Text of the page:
By Clemente Lisi – MONTREAL, CA (Apr 25, 2022) US Soccer Players – Scores of fans streamed out of Stade Saputo on a chilly April evening in Montreal. They’d just watched the hometown CF Montreal defeat Canadian rivals Vancouver Whitecaps in what was a riveting 2-1 game. The encounter was the first all-Canadian match-up of the 2022 season.
The state of the game in Canada is very good, especially after the National Team qualified for their first World Cup since 1986. It also comes on the heels of the Women’s Team capturing the Olympic gold medal at last summer’s Tokyo Games. Add to that a new domestic league and the game has never seen so much potential for growth in a country where hockey dominates along with the USA’s three other major sports leagues.
Canada’s three MLS clubs, while fueling the growth of their country’s soccer culture, have relied on American talent to get them in a position to compete for a playoff spot in 2022. CF Montreal has relied heavily on attacking midfielder Djordje Mihailovic, born in Florida, and has six caps and one goal at US senior level. Nevada-born defender Tristan Blackmon leads Vancouver. Former USMNT coach Bob Bradley is in charge in Toronto with Americans in goalkeeper Alex Bono, center back Shane O’Neill, and veteran midfielder Michael Bradley.
For much of the pandemic, Canada’s three teams played home games in the United States due to travel restrictions. However, with COVID-19 under some control thanks to vaccinations, the teams are back playing at home and before crowds.
Stade Saputo drew 12,042 fans for Montreal’s home opener on April 16 against Vancouver, a match that saw the home side win their third straight of the season. It was their 100th win at the venue, which opened in 2008. The stadium is on the grounds of Olympic Park, where the 1976 Summer Games took place, and near the old Olympic Stadium where the now-defunct Expos once played baseball.
“Playing in front of our home crowd was great. The energy was there,” said CF Montreal defender Alistair Johnston, a regular on Canada’s National Team. “Everyone looked calm on the ball, especially in the first half. We came out strong early. Personally, I’m starting to get more acclimated to the team’s system of play. We want to keep this momentum going…. We’re going to continue to build. There are still some shaky moments, but we want to get to a point where we can take a 2-0 lead at halftime at home and then go push for the third to kill the game. That is the next progression for us.”
Montreal has gotten off to a roaring start, thanks to Mihailovic. His four goals and three assists in eight games make him one of the finest contributors to any MLS club this season. The club, 6th in the East and tied on points with 5th-place Toronto, already looks competitive following last year’s 10th-place finish.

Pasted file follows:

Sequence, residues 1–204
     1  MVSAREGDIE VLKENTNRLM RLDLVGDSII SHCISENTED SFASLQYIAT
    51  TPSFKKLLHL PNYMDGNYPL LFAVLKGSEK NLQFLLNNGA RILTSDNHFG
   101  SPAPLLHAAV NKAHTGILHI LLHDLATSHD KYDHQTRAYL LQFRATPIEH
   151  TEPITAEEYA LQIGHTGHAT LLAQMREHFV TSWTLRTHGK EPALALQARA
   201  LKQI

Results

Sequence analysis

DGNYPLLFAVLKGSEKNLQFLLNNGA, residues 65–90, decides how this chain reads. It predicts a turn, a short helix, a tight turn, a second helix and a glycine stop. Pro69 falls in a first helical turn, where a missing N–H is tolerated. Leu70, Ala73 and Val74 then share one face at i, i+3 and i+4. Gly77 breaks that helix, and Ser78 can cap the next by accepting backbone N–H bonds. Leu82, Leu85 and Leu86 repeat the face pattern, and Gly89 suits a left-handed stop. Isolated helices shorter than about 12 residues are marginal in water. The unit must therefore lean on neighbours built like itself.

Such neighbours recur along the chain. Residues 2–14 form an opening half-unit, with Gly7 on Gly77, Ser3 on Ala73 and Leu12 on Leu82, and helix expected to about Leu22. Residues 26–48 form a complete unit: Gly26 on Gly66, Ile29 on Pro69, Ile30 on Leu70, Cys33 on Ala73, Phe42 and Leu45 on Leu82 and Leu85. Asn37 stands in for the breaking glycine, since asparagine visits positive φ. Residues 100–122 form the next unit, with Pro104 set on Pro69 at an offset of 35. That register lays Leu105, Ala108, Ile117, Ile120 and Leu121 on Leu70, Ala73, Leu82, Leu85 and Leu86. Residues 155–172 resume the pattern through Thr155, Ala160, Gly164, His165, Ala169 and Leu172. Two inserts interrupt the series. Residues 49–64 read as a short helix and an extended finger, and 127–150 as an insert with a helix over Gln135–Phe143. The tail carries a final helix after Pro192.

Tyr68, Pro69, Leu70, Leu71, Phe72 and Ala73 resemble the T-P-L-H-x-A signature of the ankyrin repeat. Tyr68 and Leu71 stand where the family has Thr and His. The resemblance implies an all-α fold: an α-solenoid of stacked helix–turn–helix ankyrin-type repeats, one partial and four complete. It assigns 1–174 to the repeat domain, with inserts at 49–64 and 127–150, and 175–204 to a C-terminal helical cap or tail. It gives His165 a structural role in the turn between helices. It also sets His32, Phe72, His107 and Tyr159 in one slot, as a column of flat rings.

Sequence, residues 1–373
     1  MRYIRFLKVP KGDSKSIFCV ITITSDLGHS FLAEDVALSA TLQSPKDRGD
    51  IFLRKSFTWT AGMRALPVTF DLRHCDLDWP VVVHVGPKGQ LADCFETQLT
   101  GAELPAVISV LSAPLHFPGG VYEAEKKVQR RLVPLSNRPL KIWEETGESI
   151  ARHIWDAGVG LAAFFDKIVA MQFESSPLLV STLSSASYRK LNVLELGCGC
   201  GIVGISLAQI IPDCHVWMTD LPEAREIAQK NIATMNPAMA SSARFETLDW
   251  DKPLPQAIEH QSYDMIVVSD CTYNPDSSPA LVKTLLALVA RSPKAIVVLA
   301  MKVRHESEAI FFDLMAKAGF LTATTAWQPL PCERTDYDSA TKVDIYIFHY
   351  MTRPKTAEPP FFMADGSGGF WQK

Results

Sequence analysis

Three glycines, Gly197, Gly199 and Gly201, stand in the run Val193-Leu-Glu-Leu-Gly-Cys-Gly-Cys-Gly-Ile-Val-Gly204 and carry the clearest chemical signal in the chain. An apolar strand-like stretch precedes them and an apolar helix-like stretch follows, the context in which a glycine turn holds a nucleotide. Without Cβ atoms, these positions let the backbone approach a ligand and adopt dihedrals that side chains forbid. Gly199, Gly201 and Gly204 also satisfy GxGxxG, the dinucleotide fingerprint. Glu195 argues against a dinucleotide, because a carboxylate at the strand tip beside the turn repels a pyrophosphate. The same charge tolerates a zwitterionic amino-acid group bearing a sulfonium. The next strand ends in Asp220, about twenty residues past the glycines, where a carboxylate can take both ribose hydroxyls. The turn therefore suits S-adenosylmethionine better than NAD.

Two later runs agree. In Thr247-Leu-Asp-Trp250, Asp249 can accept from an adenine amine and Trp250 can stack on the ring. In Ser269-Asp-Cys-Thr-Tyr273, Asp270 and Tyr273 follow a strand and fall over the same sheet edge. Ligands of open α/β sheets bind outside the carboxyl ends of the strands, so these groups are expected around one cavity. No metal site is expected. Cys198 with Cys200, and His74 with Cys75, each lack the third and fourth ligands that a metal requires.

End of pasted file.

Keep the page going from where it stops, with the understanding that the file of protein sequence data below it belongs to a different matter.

Asked to assess Mihailovic, Johnston replied, “He’s playing at a different level.”
Mihailovic said he has the “confidence” to make the plays and finish off chances this season. “I think I always had it in me,” he said. “It’s more about having the confidence of actually getting it done. Having the confidence to take guys on one-on-one. It’s having the confidence to do the movement, and then remaining calm when it comes time to taking a shot to put the ball where I want it.”
The Whitecaps have had a harder time early on this season. The team has scored just six goals in eight matches and is in the Western Conference cellar. Back in the East, Bradley, in his first season in charge, has instilled some newfound confidence in a team that won MLS Cup as recently as 2017. His 4-3-3 formation is showing results.
“I believe in our football and I was very happy with the way we pushed and competed, but I still think our football in moments was not as sharp as I expect,” Bradley told reporters after TFC’s 2-1 win on April 16 against the Philadelphia Union.
Bradley has mixed veterans with youth, a blend that has worked before in MLS. Should TFC gain more confidence in the form of wins in the coming months, then Bradley’s team could very well stay in contention. Montreal hosts Toronto on July 16. That could prove to be one of those crucial games that often take place in the summer.
Last season, Vancouver was the only one of these three to reach the MLS Cup Playoffs. Whitecaps coach Vanni Sartini addressed his team’s poor start last week and promised improvements.
“The season has started not the way that we wanted,” he told reporters. “We have to be better in all things.”
Clemente Lisi is a regular contributor to US Soccer Players. He is also the author of A History of the World Cup: 1930-2018.
More from Clemente Lisi:
- Seattle with a chance in the Concacaf Champions League
- MLS tactics early in 2022
- The United States and Canada at the 2022 World Cup
- Three trends to watch early in the 2022 MLS season
Logo courtesy of CF Montreal